The last of the leaves still cling to the trees in Lithia Park in their beautiful hues of red, gold and ochre. Yesterday, I strolled down the paths stopping now and again to take in the magic of this special place in the center of our town. Begun with only eight acres in 1892, Lithia Park now boasts 93 acres and is the “crown jewel” of Ashland. According to Don Robertson, former director of Ashland Parks and Recreation until his retirement in 2014, “Without Lithia Park, Ashland wouldn’t be Ashland. It is literally the heart and soul of our town.”

I encourage those who have a deep and abiding love for this park to pay close attention because there is a connection between the recent changes to Ashland’s senior program and the fate of our precious park. Within days of passing “recommendations” that essentially ripped the heart out of the 43-year-old senior program, the current director of APRC, Michael Black, then went before the City Council asking for $230,000 to pay a Portland consultant for a plan that will affect Lithia Park for the next 100, yes, 100, years.

Having volunteered and worked part-time for the Senior Center and seen firsthand the mess made of the formerly-robust program, I have little faith in how the current APRC will handle the future of Lithia Park. According to a Tidings article (Aug. 17), Michael Black calls it “a ginormous plan,” citing the historic Perozzi fountain as the first project. Black says, “We want to restore and ensure it perseveres,” yet in the same article he states that it might be moved inside or replaced with something new; that it will be based on what the consultant recommends. How about basing it on what the people of Ashland recommend? (Other areas: the bandshell, “neglected” rose garden, Japanese garden, tennis court, walkway system, century-old log cabin, etc. (http://www.dailytidings.com/news/20170817/council-oks-230k-lithia-park-study).

I don’t shock easily. But the condescension with which the public was treated by the APRC Commissioners at the meetings of Aug. 8 and 9 was offensive. Many seniors, in spite of great physical difficulty, attended the meetings, as well as nurses, social workers, grant writers, volunteers with Meals on Wheels, and family members. The commissioners’ disdain toward the needs of the seniors was, in the words of one senior, “stunning.” Commissioner Michael Gardiner (Aug. 8) stated, “… quite frankly, I’ve already made up my decision. I made my decision up before this meeting.” That is, before the public had even had a chance to speak.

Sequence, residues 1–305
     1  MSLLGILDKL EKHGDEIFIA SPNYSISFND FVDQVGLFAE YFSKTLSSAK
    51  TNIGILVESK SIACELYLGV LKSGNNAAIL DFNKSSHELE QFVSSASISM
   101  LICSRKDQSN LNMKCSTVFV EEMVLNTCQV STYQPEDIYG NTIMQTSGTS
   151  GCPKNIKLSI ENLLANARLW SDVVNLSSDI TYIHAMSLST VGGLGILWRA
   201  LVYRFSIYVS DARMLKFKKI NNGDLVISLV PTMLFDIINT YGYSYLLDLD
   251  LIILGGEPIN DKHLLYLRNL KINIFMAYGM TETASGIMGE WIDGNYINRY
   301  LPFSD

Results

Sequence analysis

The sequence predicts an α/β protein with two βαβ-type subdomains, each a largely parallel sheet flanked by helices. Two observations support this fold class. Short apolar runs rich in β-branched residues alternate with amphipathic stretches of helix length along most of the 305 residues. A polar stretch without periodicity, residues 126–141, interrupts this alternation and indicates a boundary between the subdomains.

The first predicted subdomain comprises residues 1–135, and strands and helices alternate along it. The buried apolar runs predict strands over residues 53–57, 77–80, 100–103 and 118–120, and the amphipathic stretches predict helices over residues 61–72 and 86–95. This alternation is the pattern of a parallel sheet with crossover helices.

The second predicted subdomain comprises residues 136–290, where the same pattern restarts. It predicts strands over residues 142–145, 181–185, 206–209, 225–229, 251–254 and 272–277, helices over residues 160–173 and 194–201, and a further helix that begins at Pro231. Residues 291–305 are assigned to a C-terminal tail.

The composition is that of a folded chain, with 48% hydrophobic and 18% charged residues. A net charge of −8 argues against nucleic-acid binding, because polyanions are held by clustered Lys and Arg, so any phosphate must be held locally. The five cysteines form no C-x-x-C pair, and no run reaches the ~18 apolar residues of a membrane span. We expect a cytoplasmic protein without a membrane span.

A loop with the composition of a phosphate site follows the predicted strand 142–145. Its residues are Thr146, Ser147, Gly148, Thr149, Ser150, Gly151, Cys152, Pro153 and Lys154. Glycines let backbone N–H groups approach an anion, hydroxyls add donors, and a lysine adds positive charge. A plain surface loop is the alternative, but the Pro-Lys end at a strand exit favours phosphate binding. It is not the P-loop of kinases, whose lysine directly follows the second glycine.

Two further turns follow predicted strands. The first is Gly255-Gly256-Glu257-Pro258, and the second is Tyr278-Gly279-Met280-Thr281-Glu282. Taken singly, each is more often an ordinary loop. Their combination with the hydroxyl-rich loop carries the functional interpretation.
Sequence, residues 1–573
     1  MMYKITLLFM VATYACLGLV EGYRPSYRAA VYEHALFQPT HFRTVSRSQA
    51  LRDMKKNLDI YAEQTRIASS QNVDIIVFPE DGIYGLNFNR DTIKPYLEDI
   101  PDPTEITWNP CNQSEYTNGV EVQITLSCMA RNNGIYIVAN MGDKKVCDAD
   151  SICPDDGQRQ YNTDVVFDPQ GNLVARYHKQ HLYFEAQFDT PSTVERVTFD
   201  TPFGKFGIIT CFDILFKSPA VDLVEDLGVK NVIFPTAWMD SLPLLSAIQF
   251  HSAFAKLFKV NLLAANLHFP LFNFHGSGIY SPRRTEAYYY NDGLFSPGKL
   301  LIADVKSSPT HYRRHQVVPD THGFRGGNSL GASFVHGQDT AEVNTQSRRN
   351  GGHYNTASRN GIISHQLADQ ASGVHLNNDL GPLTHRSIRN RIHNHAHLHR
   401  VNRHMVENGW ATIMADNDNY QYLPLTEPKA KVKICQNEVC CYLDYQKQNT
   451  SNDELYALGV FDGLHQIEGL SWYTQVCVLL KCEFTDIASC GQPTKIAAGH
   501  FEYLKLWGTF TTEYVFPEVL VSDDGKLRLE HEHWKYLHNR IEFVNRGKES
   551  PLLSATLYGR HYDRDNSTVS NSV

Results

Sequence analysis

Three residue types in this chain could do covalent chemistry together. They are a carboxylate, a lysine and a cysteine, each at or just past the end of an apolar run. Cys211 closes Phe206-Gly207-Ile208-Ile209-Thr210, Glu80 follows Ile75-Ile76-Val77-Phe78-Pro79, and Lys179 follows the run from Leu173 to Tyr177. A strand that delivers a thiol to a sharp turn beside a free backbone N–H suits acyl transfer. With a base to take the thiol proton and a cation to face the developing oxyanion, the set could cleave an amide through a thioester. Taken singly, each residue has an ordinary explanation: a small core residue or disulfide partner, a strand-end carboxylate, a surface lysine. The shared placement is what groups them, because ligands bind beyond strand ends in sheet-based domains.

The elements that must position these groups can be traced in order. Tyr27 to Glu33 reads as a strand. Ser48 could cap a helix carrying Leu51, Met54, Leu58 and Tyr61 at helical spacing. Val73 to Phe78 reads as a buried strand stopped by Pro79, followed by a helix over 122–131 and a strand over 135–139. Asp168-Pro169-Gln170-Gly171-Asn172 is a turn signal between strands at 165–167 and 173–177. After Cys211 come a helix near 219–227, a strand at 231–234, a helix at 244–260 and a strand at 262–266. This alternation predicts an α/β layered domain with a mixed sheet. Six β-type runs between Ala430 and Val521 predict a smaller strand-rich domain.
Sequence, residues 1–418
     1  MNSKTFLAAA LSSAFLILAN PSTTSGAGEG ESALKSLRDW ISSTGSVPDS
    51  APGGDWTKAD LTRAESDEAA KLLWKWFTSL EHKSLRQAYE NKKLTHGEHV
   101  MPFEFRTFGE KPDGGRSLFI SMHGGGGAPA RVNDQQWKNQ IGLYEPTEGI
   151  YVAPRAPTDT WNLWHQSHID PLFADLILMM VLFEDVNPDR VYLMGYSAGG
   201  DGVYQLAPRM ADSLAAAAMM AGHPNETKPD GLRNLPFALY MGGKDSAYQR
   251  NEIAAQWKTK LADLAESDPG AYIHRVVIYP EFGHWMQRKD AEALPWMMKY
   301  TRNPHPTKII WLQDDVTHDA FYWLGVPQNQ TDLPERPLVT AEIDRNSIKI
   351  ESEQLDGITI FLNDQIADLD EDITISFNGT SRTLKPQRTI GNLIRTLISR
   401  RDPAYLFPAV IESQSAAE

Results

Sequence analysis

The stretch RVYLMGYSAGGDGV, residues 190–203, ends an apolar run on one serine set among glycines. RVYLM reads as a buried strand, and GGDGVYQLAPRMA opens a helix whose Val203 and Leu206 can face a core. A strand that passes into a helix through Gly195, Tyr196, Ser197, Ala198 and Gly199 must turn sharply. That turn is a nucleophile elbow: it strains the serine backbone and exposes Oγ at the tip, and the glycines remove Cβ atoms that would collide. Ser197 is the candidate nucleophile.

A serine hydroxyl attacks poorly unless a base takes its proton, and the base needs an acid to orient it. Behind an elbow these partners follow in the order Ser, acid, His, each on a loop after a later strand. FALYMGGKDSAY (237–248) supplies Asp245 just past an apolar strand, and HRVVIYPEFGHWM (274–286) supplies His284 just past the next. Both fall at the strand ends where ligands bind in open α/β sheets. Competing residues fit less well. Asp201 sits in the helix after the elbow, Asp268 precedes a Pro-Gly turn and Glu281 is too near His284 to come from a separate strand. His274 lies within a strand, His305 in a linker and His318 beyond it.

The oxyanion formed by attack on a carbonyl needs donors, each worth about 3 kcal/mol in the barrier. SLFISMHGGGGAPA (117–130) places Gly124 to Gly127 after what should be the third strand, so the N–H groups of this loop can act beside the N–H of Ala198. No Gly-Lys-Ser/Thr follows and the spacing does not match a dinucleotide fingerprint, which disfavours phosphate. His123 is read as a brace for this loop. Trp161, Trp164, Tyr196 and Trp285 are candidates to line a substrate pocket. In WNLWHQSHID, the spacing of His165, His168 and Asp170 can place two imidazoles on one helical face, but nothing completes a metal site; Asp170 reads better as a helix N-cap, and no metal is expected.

Have these men forgotten they are public servants? All of them ran unopposed for their seats. Now they are in charge of a $9 million yearly budget, making life-altering decisions with enormous consequences for our city. Yet they chastise the public and seniors, as I witnessed, for daring to speak out against their own appalling lack of understanding or respect for a vital social service program and those it serves. The commissioners were all repeatedly invited to come by the center, to have a Food & Friends lunch in the dining room, to talk with elders. I have been told that not one ever did.

It is not about Commissioner Jim Lewis’s astonishingly patronizing words, “I know change is scary.” It is about our right to question bad decision-making, not based on genuine, transparent public input. We might also question why Michael Black, who doesn’t live in Ashland, receives a yearly salary ($189,000 including benefits) which is higher than the yearly budget of the senior center ($175,000, which included the salaries of the entire previous experienced staff of five).

These men may have never needed help paying their utility bills, or a subsidized warm meal, or other social safety net services. But there are some inescapable truths in life that will catch up with them: everybody either has aging parents, or they are going to get old themselves. Time catches up with all of us.

And that brings me back to Lithia Park. We have the right to hold Mr. Black and the APRC Commissioners accountable and to challenge them. I beseech you to ask yourself: is this who you want in charge of Lithia Park’s vision for the next 100 years?

— Award-winning author, TV presenter and world traveler Susanne Severeid is an Ashland resident who enjoys making time for the important things in life — including mocha. Read more of her columns at bit.ly/adtssmm. For more, go to www.susannesevereid.com. Email her at susannewebsite@olypen.com.